Covid is a spotlight that will put a new focus on qualifying the actual demand on every trip.
Change will happen across the program. Individuals who may have been drivers of travel — by inviting, suggesting or requiring others to travel – will think differently. Many travelers themselves will question the value, importance and necessity of each trip.
That everyone will be inclined to travel less in the future is not just a subjective or conceptual view. There will be four tangible forces applying downward pressure on qualifying and reducing demand going forward:
- Alternatives. Covid has proven that businesspeople can meet virtually in different ways and conduct business around the world without always needing to travel.
- Sustainability. Covid has proven that businesspeople can travel less and that companies can succeed while making real environmental savings that reduce their carbon output.
- Cost. Companies have gained significant cost savings by not traveling and will be cautious about returning to spending without a measurable outcome on each trip.
- Well-being. People have become used to flexible work, with more time for family and friends. They will be reluctant to give up time for unnecessary travel and commuting.
The Importance Of In-Person Meetings And Relationships
The contrast to falling demand for business travel is that certain types of meetings will always be more successful when they take place in person. It is widely recognized that effective relationship management will continue to rely on physical interaction.
Not every meeting needs to be in person, and relationships can grow through a mix of physical and virtual. However, as long as in-person meetings occur from time to time — and especially at critical times — they can easily be interspersed with virtual meetings. The net overall effect will be fewer trips, but more considered and focused ones.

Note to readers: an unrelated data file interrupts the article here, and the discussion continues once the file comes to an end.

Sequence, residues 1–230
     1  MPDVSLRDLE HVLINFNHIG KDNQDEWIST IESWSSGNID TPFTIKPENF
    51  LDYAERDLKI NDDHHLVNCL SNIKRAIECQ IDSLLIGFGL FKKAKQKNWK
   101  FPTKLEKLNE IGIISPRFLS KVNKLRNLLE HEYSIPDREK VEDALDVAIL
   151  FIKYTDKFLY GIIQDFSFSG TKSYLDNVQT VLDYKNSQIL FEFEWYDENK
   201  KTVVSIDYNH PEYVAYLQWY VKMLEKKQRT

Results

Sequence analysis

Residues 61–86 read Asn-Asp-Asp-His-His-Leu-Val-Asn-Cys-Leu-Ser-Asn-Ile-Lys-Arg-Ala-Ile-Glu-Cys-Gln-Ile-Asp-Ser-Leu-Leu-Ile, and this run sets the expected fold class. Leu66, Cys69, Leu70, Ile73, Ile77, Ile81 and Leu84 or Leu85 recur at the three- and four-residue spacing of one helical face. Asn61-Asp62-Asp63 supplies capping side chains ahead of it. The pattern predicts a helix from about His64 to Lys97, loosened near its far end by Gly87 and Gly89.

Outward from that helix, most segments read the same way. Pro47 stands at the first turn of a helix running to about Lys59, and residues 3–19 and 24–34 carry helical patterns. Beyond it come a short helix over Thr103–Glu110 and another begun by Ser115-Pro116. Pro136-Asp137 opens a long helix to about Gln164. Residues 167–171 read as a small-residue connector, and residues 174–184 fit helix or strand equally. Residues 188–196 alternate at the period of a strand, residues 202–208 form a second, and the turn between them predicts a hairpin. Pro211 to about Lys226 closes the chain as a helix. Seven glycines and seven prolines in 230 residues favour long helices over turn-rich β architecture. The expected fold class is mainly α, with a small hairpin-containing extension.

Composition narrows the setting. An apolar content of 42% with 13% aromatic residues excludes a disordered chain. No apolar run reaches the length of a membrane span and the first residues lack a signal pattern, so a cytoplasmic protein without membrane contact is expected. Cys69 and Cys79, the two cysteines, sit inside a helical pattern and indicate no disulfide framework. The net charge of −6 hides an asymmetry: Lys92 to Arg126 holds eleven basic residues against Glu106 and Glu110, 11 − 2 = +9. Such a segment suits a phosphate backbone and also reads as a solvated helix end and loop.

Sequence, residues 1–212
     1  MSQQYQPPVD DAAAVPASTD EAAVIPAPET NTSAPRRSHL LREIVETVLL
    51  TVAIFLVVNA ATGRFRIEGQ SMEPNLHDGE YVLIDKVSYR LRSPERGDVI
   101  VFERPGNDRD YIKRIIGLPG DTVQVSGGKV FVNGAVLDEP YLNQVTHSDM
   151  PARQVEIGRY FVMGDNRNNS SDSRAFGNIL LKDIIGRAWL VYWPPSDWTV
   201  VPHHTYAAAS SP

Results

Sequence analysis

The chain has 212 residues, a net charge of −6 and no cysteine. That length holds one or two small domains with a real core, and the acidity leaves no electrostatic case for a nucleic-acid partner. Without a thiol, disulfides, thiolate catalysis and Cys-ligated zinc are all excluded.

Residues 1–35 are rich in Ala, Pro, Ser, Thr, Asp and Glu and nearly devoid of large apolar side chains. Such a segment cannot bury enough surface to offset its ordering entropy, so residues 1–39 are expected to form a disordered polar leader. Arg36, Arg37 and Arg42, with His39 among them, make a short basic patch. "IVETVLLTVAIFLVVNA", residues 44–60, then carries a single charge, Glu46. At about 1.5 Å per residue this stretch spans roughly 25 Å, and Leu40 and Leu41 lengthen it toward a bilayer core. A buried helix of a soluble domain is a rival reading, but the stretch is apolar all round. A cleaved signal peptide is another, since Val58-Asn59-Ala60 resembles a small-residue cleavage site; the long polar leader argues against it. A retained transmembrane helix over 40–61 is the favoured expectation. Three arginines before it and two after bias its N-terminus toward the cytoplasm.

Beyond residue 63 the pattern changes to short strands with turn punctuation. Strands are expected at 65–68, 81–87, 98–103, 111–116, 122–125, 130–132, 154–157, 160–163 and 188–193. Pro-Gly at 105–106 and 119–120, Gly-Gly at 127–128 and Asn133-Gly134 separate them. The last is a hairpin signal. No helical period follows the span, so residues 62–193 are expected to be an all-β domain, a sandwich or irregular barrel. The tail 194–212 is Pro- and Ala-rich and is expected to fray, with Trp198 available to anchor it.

None of this may seem like good news from a traditional volume perspective. However, Covid provides an opportunity for organizations to reset their understanding of travel demand and travel suppliers to match their offerings accordingly.
Organizations will consolidate meetings and schedules with more targeted relationship-building and a greater focus on the investment and return gained from each trip.
Corporate travel will restart and recover, but it will be reset, and therefore volumes will remain difficult to predict. Therefore, it’s better to understand client demand and the drivers that cause business travel, and be ready to adapt and respond to requirements as they unfold.
My view is that the car park at Clandon Station will remain as it is until at least March 2021. We will be lucky if it’s at 25 percent capacity by July 2021. We may get to 50 percent in two years, and maybe 75 percent in five years. I am not sure if we will ever see it full again.
But is that a bad thing?